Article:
I’ve finished the fourth day of my Southeastern National Park swing. Because I didn’t have internet access for a couple of days, it feels like I just started this trip.
Chickamauga Battlefield in Fort Oglethorpe, Georgia is much bigger than Chattanooga, with a modern visitor center.
First, I drove the seven-mile loop road, stopping at various places. This is always exhausting to me.
Stop, get out of the car, walk a few steps, and get back in.
The picture to the left is the boundary line between the two sides.
The park is bisected by a busy road, but so is the Smokies with US 441.
The park is full of monuments to both sides of the conflict. The Wilde Brigade monument stands out among all the others. It looks like White Castle, a tower with a steep circular staircase. I walked to the top and met a couple with a dog, thankfully on a leash. They were trying to encourage this poor animal to walk down the narrow, tight stairs. There are places where dogs don’t belong. The monument honored Indiana and Illinois troops, including Captain Eli Lilly of the 18th Indiana battalion.
The park has about 50 miles of trail. I walked the big seven-mile loop through the military park, past more memorials. Here is the Snodgrass cabin, which was used as a makeshift hospital during the battle.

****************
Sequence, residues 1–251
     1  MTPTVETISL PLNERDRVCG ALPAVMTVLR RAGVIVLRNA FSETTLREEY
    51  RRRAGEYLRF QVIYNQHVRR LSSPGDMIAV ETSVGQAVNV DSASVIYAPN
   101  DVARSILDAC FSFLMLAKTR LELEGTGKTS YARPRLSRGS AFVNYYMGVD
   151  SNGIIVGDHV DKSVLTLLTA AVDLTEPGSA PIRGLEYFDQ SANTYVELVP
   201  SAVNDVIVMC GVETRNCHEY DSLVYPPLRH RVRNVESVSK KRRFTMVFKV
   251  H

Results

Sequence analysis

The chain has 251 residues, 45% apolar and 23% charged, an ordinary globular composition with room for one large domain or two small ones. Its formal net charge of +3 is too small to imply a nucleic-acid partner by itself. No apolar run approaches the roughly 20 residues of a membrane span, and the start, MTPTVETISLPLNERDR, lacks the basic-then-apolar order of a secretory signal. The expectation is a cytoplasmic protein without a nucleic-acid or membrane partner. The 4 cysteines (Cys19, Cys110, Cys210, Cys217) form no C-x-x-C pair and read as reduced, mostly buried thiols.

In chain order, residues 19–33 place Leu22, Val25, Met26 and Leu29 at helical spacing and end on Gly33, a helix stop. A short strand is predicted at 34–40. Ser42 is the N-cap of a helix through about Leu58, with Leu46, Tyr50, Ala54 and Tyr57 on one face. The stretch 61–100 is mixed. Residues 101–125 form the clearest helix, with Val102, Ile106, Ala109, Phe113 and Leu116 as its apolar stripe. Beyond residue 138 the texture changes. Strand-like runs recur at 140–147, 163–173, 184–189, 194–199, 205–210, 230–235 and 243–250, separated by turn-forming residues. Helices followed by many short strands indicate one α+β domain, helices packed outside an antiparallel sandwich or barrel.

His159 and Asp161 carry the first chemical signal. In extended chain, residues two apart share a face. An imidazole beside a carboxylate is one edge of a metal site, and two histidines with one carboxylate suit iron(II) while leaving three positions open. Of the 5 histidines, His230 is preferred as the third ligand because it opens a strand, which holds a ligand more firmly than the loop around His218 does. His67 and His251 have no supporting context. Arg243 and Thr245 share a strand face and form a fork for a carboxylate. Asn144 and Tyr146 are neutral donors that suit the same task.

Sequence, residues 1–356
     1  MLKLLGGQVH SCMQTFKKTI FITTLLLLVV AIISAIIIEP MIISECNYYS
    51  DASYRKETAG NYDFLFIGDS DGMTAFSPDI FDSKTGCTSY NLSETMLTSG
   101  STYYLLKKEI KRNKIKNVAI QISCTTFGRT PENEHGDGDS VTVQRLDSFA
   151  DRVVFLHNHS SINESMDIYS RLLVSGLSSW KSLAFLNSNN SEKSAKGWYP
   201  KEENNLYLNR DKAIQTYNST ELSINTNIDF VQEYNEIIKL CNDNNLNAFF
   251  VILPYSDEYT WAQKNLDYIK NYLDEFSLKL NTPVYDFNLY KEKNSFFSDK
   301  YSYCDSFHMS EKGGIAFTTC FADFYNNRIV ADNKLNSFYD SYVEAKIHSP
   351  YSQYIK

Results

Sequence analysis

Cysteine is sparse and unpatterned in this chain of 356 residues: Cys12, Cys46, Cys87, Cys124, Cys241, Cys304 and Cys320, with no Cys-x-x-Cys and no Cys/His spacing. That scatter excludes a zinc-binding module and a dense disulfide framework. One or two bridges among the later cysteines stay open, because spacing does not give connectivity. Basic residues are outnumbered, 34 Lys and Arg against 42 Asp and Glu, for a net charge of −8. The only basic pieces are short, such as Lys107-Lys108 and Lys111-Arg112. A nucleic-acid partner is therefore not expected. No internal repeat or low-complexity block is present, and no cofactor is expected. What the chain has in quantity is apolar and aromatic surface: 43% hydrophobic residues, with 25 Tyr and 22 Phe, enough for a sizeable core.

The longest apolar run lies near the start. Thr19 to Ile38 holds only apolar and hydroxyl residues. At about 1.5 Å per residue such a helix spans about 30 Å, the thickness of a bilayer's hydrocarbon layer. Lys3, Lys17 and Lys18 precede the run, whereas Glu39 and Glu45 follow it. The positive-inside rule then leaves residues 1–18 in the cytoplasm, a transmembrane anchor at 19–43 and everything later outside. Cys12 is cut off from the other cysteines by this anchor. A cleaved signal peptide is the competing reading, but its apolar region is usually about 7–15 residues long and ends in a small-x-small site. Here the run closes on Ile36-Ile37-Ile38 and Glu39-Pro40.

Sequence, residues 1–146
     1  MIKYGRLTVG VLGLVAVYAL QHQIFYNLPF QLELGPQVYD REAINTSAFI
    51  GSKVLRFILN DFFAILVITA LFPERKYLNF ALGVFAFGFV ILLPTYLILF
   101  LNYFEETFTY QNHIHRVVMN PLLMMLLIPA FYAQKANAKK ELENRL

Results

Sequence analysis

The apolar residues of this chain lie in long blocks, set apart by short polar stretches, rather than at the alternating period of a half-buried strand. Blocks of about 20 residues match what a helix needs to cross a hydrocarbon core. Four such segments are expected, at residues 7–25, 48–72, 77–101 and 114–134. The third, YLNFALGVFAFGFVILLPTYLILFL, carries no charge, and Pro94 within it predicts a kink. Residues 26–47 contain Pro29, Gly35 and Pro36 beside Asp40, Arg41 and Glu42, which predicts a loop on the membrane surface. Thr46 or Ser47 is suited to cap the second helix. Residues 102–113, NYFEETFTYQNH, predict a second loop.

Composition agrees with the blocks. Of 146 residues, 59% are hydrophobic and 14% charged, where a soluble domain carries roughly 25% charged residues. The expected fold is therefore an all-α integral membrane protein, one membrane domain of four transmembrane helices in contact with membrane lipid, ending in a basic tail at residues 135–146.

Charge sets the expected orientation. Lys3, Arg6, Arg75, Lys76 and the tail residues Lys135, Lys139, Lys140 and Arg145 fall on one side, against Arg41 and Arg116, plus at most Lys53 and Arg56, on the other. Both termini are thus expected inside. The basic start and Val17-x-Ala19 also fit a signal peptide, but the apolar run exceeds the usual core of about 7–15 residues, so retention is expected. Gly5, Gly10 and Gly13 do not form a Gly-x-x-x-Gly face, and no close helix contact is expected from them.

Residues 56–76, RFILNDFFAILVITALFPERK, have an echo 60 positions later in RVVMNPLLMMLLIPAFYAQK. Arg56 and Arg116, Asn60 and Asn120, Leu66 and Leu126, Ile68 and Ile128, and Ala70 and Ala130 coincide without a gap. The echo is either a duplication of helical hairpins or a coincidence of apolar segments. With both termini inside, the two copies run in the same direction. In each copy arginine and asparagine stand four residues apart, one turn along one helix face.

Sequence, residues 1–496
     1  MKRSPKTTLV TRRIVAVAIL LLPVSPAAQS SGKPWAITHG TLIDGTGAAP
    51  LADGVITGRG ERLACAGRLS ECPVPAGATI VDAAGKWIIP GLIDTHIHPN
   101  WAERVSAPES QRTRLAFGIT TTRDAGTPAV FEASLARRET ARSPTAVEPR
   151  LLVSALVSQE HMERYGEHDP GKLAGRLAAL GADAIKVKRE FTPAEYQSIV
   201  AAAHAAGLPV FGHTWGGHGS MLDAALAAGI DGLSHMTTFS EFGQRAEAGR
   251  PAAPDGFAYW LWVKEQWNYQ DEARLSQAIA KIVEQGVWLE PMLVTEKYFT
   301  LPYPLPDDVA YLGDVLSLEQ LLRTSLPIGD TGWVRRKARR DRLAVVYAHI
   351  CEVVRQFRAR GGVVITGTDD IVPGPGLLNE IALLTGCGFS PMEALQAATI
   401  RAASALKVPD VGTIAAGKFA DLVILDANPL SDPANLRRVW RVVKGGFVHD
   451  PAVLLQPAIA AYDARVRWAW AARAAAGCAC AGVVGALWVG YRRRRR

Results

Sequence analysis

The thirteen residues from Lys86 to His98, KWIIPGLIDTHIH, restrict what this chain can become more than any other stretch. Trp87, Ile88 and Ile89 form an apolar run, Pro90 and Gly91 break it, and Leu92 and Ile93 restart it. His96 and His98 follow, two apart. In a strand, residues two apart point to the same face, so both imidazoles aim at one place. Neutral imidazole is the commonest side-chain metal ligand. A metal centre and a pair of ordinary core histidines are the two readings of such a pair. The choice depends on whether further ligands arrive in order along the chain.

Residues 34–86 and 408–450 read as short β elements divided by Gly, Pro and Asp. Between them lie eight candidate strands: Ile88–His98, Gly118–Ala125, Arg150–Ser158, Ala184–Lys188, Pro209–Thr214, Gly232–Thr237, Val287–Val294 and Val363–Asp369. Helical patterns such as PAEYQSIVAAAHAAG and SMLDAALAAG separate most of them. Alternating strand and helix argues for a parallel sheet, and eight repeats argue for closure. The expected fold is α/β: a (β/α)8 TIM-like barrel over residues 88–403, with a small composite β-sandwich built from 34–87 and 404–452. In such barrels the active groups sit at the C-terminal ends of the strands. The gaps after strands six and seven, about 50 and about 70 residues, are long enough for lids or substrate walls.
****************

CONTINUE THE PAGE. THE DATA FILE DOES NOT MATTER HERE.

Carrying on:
I saw two hikers and four women doing a day of service on 9/11. They were cleaning memorials with a spray of water.
ChickChat was the first national military park, created in 1890. It was supported by veterans from both sides who recognized that preserving portions of battlefields, commemorating the deeds of their comrades, and honoring the men who had fallen would benefit the reunited nation. In addition to historic and educational values, the National Military Park was created as part of the healing process for a nation that had been torn asunder by war.
This was carefully explained in the visitor center. Am I the only person who didn’t know that? Most historians would say that it’s more complicated than that but I’m a history user. This also explains why the military units concentrate so much of maneuvers and tactics – the blue stood here, the gray stood there – instead of bigger questions of causes and effects of the Civil War.